I recently found out about this story from October, in which Pennsylvania’s Catholic hierarchy decided to take a brave stand against the perceived scourge of male/female high school wrestling:
“The diocese therefore believes that it is incompatible with its religious mission and with its efforts to teach Gospel values to condone competitions between young men and women in sports that involve substantial and potentially immodest physical contact,” said Bishop Ronald W. Gainer of Harrisburg in a letter to students.
Given the nature of this blog, it shouldn’t come as a surprise that I don’t believe that male/female wrestling is immodest. I’ve been doing marital arts of various sorts for almost twenty years, and sparring or working self-defense techniques with someone of the opposite sex is a given. This can include anything from punching and blocking drills to executing throws and holds that require total body contact. Believe me, when you’re being tossed or choked in a martial arts setting, sex is not going to be on the radar, because your first priority is getting your opponent out of your personal space or off your body. The strength differential between the sexes doesn’t really come in the martial arts environment because you’re supposed to be exercising control anyway, unless you’re in a full contact tournament or something like that. I think it’s good for female students in particular to practice with men, so that if they should ever find themselves in a self-defense situation, the idea of having to hold their own against a male attacker won’t seem quite so foreign.
Many of the people who object to mixed sex wrestling also object to women wrestling women because it is perceived to be “unfeminine.” For example, the article indicates that while girls are prohibited from playing on boys’ tackle football and rugby teams in diocesan schools, a Catholic boys’ football or rugby team would not have to forfeit if they played an opposing team with a female member, whereas a Catholic boys’ wrestling team in the same situation must forfeit. Why the difference in policies between these sports? The only reason I can think of is that religious conservatives, with their belief in rigid gender roles, take more offense at girls who wrestle than girls who tackle.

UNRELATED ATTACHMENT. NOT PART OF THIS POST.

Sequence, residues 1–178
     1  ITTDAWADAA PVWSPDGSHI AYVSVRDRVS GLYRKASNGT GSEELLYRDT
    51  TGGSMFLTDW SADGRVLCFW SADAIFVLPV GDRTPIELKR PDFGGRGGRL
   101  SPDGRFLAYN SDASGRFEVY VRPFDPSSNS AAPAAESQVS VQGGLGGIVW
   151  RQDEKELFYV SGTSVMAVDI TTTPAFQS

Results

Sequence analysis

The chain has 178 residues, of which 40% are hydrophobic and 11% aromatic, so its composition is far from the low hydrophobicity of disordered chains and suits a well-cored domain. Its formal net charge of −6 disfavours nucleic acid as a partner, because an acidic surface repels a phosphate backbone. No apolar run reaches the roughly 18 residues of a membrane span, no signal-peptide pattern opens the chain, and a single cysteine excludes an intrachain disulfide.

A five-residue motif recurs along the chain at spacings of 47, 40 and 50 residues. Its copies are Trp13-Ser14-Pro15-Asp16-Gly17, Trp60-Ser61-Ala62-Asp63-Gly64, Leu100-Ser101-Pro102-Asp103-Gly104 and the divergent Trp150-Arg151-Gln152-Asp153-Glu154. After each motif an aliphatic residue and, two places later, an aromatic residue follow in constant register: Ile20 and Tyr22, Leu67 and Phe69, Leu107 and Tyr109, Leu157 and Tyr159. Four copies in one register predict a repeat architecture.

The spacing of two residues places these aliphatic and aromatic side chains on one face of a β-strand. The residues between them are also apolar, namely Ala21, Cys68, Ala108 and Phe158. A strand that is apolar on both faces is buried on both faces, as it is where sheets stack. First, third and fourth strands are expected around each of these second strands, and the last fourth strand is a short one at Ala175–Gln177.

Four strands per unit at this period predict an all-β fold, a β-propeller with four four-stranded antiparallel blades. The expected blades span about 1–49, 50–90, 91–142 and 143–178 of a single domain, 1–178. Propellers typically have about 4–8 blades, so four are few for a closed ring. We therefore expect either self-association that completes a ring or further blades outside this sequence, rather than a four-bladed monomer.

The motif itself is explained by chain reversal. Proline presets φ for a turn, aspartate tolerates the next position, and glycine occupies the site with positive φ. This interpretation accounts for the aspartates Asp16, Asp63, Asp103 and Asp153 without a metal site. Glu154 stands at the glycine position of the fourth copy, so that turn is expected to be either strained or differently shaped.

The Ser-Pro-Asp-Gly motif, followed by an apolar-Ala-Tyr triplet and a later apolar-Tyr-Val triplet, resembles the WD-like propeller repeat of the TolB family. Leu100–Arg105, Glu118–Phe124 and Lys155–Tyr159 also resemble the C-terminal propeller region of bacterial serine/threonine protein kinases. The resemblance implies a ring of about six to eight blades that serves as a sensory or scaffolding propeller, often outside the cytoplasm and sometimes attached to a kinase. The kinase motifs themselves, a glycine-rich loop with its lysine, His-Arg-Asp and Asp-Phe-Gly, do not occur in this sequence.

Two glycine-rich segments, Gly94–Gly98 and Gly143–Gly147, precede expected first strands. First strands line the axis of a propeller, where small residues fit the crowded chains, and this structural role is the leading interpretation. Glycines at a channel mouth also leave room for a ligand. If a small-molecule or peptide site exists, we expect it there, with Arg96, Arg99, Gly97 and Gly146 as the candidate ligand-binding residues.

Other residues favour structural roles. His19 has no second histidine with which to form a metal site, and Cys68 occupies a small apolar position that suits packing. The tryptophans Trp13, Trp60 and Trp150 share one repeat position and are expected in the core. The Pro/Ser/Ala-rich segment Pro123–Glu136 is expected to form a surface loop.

I have noticed that religious conservatives have a real problem with the idea of women fighting, whether in war or in competitive martial arts. These days there are so many female soldiers who are getting blown up and killed just like the men, so they can’t explicitly state their disapproval without coming off as disrespectful to the military they claim to revere, but it’s definitely there. On the martial arts side of thing, I recall a poster of the traditionalist persuasion on the “Catholic Answers Forum” who was obsessed with female MMA fighters, and claimed that this was a particularly egregious affront to God. He also didn’t approve of women doing sports of any type, since it would be a “stumbling block” for any men present. Because everything a woman does should be judged by how it affects men, am I right? [/sarcasm] (I find this blanket condemnation of female athletes to be particularly ironic, since conservotrads men will carp nonstop about “evil feminists” who use birth control, yet are the first to complain about women who “let themselves go.” I guess conservotrad women are supposed to pray away the pregnancy weight, since exercise is off-limits.)
Fears over the supposedly immodest nature of male/female wrestling seem to stem more from a dislike of the idea of women who fight than concerns about possibly inflaming young adult hormones; the modesty issue seems to me to be a red herring. The fact that the thousands of mixed sex martial arts classes that occur every day in this country don’t degenerate into orgies is proof that male/female wrestling competitions won’t become dry humping spectacles. Besides, given how most girls are socialized in this country, I don’t think that male/female wrestling matches are going to be a common sight, at least not for the foreseeable future. Personally, I think everyone should learn the basics of some kind of combat art, if only for self-defense purposes, but I’m probably in the minority on this issue.